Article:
Eric Wiseman, Wesley R. Card and Emanuel Chirico — chief executive officers of companies with combined revenues of $14 billion — had strikingly similar assessments of the consumer psyche.
Shoppers may be more conservative, but the executives said their core consumers are basically the same as they always were.
The same could be said for Wiseman’s VF Corp., Card’s Jones Apparel Group and Chirico’s Phillips-Van Heusen Corp., which spent the last year of the recession operating with more stringent expense controls and less inventory as unemployment shot to a 26-year high of 10.2 percent.
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Even though these companies have each reported slumping sales and earnings this year, they are sticking to their roots and preparing to step out and acquire new businesses.
Thes companies grew to prominence by snatching up competitors and layering on new lines of business. Gaining scale, building cash and then doing it again. That cycle, which slowed as valuations rose but virtually stopped as credit markets tightened could be ready to begin anew.
“This is really the best time to be making acquisitions,” said Card who, like Wiseman and Chirico, was upfront about his company’s ambitions during a round table discussion moderated by WWD editor in chief Edward Nardoza.
Card pointed to research showing some of the most successful deals were made right after the last recession in 2001, when businesses came with lower price tags. “During the heady days, the valuations get so high, acquisitions don’t seem to work so well,” he said.
PVH is on track to accumulate $400 million in cash by the end of the year, and Chirico said companies as big as his can only grow by taking market share from competitors or by purchasing businesses.
PVH is trying to do both.
“The cash — I’d like to use it,” said Chirico, who would prefer to chase bigger deals rather than smaller ones. “Instead of buying back stock or paying down some debt, I’d much prefer to use it to make the right strategic acquisitions.”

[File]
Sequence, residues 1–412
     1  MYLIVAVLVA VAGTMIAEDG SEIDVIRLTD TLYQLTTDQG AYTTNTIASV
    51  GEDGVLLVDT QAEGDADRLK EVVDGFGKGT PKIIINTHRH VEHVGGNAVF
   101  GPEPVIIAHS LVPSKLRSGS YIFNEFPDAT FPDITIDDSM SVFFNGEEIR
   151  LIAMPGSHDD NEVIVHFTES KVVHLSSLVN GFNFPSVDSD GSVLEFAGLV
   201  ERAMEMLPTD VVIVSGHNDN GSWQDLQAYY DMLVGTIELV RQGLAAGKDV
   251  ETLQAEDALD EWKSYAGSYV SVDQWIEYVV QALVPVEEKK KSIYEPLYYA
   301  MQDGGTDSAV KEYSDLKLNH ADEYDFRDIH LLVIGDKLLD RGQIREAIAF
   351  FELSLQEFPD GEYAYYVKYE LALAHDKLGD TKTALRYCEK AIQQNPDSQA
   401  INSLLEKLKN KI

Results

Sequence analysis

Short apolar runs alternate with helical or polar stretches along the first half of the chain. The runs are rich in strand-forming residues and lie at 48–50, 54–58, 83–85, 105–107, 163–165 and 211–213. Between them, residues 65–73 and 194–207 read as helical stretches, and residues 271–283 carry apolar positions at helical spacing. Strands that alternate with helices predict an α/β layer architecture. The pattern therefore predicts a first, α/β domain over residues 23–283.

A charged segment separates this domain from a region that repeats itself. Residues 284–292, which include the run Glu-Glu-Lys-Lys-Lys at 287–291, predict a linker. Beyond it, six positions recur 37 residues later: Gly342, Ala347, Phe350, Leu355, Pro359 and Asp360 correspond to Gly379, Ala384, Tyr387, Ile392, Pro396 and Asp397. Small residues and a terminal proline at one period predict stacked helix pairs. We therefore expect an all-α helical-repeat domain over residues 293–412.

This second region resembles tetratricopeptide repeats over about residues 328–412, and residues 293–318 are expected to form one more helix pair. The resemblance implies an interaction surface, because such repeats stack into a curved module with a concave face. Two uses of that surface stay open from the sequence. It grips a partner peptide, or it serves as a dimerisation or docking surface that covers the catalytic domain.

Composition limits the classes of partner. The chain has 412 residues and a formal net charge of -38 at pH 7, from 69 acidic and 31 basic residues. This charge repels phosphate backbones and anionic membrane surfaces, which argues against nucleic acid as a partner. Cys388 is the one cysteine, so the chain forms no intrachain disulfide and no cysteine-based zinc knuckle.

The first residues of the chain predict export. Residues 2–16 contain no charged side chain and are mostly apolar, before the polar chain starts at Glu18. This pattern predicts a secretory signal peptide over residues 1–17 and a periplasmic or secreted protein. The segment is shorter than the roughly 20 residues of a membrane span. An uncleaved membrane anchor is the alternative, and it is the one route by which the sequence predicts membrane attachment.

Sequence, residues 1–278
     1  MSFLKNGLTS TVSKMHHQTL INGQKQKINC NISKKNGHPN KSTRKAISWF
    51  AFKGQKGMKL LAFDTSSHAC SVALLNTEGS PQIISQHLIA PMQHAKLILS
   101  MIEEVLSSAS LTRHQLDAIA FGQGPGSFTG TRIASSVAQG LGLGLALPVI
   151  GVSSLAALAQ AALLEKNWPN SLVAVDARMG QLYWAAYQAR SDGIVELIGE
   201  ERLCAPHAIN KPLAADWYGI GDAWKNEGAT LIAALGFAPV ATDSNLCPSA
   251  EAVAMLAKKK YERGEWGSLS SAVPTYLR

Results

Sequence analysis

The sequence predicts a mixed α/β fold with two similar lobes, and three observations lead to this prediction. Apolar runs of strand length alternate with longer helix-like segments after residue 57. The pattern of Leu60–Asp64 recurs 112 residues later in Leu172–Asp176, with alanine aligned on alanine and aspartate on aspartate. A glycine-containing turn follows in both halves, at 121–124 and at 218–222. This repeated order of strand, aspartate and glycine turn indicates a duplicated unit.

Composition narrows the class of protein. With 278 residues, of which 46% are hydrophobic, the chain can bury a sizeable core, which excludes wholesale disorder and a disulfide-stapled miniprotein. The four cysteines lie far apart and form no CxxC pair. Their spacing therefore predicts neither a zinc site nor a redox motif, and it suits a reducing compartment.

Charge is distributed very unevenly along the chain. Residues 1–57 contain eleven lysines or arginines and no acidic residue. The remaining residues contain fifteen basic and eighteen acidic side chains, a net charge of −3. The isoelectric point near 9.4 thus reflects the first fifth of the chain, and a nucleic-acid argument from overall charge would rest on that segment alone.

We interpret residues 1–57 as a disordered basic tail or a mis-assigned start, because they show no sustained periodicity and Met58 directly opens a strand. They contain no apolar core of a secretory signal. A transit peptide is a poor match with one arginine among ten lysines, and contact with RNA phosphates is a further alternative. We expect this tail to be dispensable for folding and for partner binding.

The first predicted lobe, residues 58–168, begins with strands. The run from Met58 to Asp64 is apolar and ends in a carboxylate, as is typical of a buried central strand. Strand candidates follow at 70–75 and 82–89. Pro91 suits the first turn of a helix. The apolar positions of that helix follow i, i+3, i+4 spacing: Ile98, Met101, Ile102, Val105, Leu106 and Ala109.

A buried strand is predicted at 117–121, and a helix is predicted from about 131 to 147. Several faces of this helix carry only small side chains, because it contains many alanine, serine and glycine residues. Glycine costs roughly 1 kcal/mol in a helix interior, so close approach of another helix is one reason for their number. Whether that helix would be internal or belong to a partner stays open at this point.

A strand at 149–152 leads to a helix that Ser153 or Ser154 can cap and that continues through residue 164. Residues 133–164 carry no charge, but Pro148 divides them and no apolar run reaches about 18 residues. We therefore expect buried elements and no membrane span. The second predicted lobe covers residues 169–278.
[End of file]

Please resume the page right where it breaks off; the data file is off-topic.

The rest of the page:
Wiseman said VF purchased 12 companies over the last nine years, and although the company has not cut a deal this year, it hasn’t been for lack of trying. One key hurdle appears to be selling prices.
“For us, as public companies, you can’t overpay,” Wiseman said.
But the three cannot afford to focus all their energies on the delicate M&A dance. They steer huge fashion businesses — from VF’s factories churning out 400,000 units a day in the Western Hemisphere to Jones’ 948 stores and PVH’s Calvin Klein licensing business, which has annual royalties of more than $200 million. The challenges are greater than ever, with the economy trying to climb out of recession, the traditional department store landscape changing and social media making its mark.
Uncertainty is still the buzzword.
“My crystal ball for the next three months, I feel good,” Chirico said. “After that, all bets are off. When we start really planning for spring, we’re cautious on our buys, but we’re trying to convince our retail partners and our own stores to plan the business flat to up going forward next year.”
Card said sales would not be the key measure of the holiday season.
“What’s critical is that the balance is really there between supply and demand,” he said, adding that inventories would be tighter, profits and gross margins would be up and cash flow would be improved.
And he suggested the industry was on its way to a better balance overall, after years when the increasingly promotional environment at retail ate into profits.
“How did we all drop inventory so much, slash expenses, get supply in balance with demand and perform so well?” he asked. “How do we keep our eye on that ball so we see these things developing?”
Questions like that, coupled with the experiences of the recession, could translate into a more efficient industry.
“I think we learned, permanently, that we can operate with less inventory than was in the system before,” Wiseman said. “We’re going to learn it’s smart to run the businesses with less inventory.”
But for all the talk of the upheaval wrought by the economic downturn, the consensus was that shoppers are going to more or less stay the same, even if they have pulled back.
“I don’t think consumers have fundamentally changed,” Wiseman said. “I think there’s a confidence issue.”
For shoppers, that translates into trips to stores they trust and a focus on goods that meet their own definitions of value.
When consumers are able to look past rising unemployment and the next mortgage payment and see value, as in a look both practical and fashionable, they are willing to spend.
“We can’t keep women’s boots in stock,” Card said. “They’re just blowing out. Does anyone know why we’re in such an incredible fashion cycle? They’re…buying boots like there’s no tomorrow. When they see an item that they want that’s on a fashion trend, it’s selling.”
Boot sales alone might not pull the industry up, but the impulse driving those sales indicates there is still fire in the consumer when the product is right.
“Nothing ever really dies or changes that permanently in human behavior,” Card said.